by John Kim (November 2011)
Sessions or adventures in role-playing games are often identified with stories - as seen from the name "Storyteller" for the house system created by White Wolf, to the identification of Narrativist play as "Story Now" among members of the Forge community, to the title "story games" for both an online community and as a title used for many recent games. The real relationship between interactive multiplayer games and stories, though, is quite complicated.
A common of understanding of "story" is a series of events told that has closure. That closure creates a point to the story - sometimes called the moral or the message. Of course, there are many different understandings of a typical story back to the time of Aristotle, and many alternate constructions. However, the basics of popular stories remain largely the same. The sense of closure comes from there being a distinct start to the story - an initial condition that is resolved. The start is variously called an unresolved situation, a break in the status quo, or a dramatic need.
Role-playing game play is in some ways much like dramatic stories, but it is also quite different.
In a story, there are two basic aspects to the moral: external and internal. A typical external moral is that in the end, the virtuous hero finds love and happiness, while the villains are punished for their sins. However, there is also a separate internal moral, conveyed by the dramatic arc of the main character. In the classical view, there is a sympathetic protagonist that the audience identifies with, and that character goes through an important transformation of their personality as a result of the story. For example, they may come of age, fall in love, or find forgiveness.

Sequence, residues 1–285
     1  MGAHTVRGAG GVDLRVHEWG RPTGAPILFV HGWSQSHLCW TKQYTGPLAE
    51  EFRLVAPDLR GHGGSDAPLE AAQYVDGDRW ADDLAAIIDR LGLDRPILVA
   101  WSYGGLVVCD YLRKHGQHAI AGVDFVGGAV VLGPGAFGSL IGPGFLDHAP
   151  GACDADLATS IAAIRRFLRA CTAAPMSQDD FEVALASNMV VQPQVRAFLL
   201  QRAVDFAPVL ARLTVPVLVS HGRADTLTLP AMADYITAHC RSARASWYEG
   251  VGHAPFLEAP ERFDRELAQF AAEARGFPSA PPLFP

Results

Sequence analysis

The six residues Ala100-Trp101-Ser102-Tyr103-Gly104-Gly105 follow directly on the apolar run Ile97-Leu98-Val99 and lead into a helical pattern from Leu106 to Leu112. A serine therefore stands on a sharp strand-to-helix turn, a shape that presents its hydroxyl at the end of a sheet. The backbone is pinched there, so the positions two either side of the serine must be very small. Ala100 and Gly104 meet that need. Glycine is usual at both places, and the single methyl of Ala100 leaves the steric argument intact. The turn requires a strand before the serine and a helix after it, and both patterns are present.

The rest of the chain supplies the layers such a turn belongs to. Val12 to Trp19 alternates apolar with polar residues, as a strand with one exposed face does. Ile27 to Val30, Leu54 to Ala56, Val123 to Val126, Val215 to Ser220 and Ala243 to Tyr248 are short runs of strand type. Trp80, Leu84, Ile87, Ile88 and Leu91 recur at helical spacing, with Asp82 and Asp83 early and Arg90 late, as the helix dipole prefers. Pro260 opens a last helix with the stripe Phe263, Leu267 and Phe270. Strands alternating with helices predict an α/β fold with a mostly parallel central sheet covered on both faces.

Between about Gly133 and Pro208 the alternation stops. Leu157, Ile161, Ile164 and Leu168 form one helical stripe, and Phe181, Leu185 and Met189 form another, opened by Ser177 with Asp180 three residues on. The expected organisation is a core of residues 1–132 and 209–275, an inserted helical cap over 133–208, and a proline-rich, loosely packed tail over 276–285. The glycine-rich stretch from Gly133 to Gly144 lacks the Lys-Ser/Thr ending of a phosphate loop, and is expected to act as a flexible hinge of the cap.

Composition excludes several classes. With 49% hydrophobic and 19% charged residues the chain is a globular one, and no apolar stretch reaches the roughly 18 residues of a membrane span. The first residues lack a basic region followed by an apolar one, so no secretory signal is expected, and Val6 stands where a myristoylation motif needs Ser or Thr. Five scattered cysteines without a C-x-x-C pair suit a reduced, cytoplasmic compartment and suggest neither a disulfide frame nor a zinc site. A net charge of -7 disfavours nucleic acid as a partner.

Typically, the internal and external morals match up simply. In a simple tragedy, the protagonist has a flaw, suffers for his flaw, and by the end sees the error of his ways and is forgiven. However, it is possible for there to be a coherent moral message even if the internal and external seem at odds on the surface. For example, a protagonist might die in the end, but says that she dies happy because she found true love. Conversely, a villainous anti-hero might triumph in the end, showing the darkness in the world. The author can still make clear an intended moral message.
In collaborative works, multiple creators may work together to create a story with a moral. Often, the creators will agree in advance on what the story will be, and thus what the moral will be. In traditional film production, for example, the director has a vision that guides the actors and crew. If there isn't such a guiding vision, the story is often said to have "mixed messages."
In a role-playing game, there are multiple creators working together, improvising in real-time. This means that even if they arrange closure to situations created in the game, they will cast a different light on that closure in their part of it. While stories in static media have a moral message, games have a moral dialogue.